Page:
Somali Pirate Captured by U.S. Pleads Guilty in Manhattan Federal Court
A Somali pirate captured by the U.S. military in April 2009 when Navy commandoes freed an American container ship off the coast of Africa pleaded guilty to hijacking charges, prosecutors said.
Abduwali Muse admitted in federal court in Manhattan yesterday to two counts of hijacking maritime vessels, two counts of kidnapping and two counts hostage taking, according to a statement issued by U.S. Attorney Preet Bharara.
The U.S. said in an indictment filed in January that Muse and others hijacked two other ships before the Maersk Alabama.
“What we did was wrong,” Muse said in court, according to a transcript of his remarks translated into English. “I am very sorry for all of this. It happened because of the situation in Somalia.”
Prosecutors said Muse was the leader of the group of pirates who overtook the Maersk Alabama on April 8, 2009, and held its captain captive for five days. Muse was the first pirate to board the ship, fired at Captain Richard Phillips from the deck, forced him to stop the ship, and demanded that he hand over $30,000 from the ship’s safe, according to court papers filed by prosecutors. The group later kept Phillips in a lifeboat off the Somali coast.
Muse could face as long as life in prison on the charges of hostage-taking and kidnapping. Prosecutors said in a plea agreement that they wouldn’t seek a sentence of longer than 33 years and nine months, with a minimum term of 27 years. Muse is scheduled to be sentenced Oct. 19 by U.S. District Judge Loretta Preska.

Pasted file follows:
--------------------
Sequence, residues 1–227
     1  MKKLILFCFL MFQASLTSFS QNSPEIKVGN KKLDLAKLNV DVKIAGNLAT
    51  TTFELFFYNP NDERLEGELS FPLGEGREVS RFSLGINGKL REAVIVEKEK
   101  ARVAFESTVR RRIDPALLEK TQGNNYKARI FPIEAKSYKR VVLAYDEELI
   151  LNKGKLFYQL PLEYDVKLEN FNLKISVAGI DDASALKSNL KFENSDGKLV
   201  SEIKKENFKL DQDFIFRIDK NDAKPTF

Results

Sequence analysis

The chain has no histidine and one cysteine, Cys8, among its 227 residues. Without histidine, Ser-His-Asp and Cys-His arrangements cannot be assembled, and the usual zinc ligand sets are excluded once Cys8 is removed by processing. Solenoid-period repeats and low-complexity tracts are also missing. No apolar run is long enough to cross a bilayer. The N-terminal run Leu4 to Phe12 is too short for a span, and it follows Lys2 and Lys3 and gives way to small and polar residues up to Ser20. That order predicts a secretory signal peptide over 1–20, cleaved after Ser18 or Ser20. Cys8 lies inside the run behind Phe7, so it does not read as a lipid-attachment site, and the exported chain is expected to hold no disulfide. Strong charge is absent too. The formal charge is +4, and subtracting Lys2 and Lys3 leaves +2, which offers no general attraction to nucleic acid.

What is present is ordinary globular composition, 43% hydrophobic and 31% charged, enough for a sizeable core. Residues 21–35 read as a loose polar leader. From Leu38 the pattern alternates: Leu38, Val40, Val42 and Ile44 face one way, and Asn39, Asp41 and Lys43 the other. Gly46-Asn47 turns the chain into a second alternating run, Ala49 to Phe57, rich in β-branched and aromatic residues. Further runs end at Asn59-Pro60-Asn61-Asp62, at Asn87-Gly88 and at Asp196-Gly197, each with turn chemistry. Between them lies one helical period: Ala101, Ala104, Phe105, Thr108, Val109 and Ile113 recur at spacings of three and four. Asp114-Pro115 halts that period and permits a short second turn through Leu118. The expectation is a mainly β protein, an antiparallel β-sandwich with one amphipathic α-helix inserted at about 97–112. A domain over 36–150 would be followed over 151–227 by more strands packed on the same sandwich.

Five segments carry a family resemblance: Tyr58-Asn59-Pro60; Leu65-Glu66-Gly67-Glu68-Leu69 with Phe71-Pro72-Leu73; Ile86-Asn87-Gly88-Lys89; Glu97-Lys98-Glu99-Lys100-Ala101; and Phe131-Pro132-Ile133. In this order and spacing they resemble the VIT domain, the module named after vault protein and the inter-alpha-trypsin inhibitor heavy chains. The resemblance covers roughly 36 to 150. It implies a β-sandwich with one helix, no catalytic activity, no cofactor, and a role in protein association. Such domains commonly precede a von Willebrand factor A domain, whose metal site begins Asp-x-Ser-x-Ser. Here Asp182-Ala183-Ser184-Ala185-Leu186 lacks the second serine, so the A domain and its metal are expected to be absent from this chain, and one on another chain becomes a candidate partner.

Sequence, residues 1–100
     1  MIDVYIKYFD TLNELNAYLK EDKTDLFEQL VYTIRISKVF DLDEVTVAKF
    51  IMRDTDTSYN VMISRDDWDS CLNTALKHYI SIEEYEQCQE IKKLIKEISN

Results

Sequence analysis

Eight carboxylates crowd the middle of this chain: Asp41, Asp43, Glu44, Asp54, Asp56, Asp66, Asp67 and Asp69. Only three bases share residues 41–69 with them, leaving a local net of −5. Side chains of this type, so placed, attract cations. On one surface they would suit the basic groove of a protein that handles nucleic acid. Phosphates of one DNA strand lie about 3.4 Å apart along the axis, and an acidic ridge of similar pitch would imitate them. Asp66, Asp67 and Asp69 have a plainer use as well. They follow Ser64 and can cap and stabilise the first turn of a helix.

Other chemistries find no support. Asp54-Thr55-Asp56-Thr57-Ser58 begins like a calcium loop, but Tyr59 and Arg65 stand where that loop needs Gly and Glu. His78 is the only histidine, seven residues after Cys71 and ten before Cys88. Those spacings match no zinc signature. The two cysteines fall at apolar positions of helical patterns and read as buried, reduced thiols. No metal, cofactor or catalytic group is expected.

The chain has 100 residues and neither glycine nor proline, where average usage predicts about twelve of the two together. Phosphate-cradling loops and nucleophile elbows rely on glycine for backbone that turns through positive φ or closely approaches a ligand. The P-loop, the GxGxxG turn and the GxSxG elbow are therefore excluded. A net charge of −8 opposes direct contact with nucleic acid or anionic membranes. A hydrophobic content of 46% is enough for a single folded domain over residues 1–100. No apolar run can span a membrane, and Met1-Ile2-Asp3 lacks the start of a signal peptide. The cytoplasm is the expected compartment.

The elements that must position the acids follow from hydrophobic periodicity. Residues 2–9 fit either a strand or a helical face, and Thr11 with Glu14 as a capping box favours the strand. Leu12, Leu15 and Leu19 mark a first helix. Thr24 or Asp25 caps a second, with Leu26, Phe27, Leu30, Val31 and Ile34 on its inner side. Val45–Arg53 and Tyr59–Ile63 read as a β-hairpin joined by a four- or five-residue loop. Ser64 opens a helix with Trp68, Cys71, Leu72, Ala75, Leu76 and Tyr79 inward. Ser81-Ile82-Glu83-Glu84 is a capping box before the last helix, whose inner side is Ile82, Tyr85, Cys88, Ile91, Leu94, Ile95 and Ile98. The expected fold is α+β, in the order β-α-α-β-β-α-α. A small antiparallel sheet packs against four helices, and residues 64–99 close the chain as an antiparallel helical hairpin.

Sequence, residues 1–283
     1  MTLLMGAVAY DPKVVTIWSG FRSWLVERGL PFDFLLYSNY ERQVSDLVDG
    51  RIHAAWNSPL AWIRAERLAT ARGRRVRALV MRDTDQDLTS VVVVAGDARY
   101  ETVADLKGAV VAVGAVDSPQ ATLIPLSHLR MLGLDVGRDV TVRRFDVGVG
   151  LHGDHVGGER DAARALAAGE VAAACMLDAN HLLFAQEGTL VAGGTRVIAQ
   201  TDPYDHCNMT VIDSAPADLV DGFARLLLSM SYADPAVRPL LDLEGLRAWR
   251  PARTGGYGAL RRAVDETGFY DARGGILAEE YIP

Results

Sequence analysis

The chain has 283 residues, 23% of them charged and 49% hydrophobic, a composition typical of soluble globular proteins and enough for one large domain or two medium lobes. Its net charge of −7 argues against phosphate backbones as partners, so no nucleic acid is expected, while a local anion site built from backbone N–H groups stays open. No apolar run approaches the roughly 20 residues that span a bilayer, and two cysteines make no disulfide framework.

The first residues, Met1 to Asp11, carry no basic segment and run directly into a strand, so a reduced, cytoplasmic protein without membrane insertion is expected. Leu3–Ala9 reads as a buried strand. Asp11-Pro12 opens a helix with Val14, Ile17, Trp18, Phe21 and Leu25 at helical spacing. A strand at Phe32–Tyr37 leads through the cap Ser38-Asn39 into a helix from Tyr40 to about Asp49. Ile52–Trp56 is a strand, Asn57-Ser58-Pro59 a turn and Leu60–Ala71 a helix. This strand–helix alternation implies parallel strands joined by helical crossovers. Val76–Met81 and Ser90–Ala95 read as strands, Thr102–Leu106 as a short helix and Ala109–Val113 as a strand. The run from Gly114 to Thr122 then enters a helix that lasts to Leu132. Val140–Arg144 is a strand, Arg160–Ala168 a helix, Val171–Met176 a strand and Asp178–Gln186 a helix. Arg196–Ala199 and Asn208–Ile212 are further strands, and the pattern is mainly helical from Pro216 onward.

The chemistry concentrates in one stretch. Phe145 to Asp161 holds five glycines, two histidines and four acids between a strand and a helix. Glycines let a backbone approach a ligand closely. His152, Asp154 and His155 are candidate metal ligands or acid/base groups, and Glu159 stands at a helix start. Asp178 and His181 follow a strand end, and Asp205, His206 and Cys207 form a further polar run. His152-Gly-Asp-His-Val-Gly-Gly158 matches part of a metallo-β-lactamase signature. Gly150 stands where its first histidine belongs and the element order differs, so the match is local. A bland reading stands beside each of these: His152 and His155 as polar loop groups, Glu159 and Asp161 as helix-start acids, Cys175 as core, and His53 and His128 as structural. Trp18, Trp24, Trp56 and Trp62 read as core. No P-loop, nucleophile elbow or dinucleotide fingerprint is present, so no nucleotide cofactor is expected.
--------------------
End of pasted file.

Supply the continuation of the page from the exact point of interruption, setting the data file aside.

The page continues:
Muse’s lawyer, Philip Weinstein, declined to comment after yesterday’s hearing.
Muse “led the hostage-taking of crew members, threatened them with firearms and in at least one instance, an improvised explosive device,” Assistant U.S. Attorney Brendan McGuire said at a hearing in January.
Muse, who prosecutors say was armed with an AK-47 assault rifle, was taken aboard the USS Bainbridge for treatment of his injured arm and was apprehended by U.S. sailors when Navy snipers shot dead the three kidnappers in the lifeboat, the military said.
He was transferred to the custody of the Federal Bureau of Investigation, which brought him to New York.
Prosecutors allege that in March 2009, Muse and others boarded an unidentified ship in the Indian Ocean armed with weapons and took hostages. Muse is accused of threatening to kill everyone aboard with an improvised explosive device if the authorities came.
The U.S. says Muse and others left the first ship on a small boat and met a second unidentified ship that was also in the area. Muse and three others left that second ship and boarded the Maersk Alabama, prosecutors said.
The case is U.S. v. Muse, U.S. District Court, Southern District of New York (Manhattan).
Bloomberg moderates all comments. Comments that are abusive or off-topic will not be posted to the site. Excessively long comments may be moderated as well. Bloomberg cannot facilitate requests to remove comments or explain individual moderation decisions.